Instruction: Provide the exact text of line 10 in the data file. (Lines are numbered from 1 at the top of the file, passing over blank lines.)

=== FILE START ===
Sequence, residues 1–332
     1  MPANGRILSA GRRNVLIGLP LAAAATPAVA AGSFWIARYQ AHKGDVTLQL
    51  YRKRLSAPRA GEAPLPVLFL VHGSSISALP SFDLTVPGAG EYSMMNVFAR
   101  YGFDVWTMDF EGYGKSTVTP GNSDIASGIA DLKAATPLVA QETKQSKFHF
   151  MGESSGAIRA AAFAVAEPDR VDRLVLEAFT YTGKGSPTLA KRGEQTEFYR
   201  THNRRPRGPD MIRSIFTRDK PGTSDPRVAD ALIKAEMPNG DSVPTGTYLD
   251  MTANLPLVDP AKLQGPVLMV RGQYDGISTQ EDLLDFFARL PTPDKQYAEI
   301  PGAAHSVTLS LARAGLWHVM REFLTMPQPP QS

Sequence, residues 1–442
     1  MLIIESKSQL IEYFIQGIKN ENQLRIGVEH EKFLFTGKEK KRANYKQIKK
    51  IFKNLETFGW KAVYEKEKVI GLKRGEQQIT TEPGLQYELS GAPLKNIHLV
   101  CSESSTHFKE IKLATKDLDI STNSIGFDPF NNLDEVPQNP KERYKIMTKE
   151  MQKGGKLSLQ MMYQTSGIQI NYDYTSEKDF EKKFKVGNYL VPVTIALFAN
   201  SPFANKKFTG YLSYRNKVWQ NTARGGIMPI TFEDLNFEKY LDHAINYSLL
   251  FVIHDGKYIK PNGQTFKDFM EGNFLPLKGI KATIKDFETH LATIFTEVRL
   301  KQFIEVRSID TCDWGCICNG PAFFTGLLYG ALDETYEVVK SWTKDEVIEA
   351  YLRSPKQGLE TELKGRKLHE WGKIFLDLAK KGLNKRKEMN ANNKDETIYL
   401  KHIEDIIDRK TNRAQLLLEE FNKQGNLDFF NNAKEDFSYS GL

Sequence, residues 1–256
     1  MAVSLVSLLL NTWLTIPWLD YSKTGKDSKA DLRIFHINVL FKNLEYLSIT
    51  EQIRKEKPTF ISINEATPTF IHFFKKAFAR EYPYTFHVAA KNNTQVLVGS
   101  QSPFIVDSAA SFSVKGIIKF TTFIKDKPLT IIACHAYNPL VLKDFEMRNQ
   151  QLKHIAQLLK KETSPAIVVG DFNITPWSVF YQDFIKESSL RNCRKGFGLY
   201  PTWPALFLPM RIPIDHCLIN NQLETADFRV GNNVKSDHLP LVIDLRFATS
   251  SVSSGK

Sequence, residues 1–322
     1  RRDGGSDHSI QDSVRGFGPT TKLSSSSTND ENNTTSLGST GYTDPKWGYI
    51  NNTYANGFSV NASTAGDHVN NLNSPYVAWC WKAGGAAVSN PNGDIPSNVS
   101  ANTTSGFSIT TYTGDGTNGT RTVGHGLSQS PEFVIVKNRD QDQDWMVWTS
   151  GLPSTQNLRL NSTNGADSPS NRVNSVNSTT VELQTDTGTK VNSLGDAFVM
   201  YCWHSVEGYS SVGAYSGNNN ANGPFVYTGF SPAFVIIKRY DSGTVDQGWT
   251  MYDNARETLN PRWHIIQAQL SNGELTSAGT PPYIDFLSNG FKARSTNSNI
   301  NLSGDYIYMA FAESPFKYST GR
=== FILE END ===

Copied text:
     1  MLIIESKSQL IEYFIQGIKN ENQLRIGVEH EKFLFTGKEK KRANYKQIKK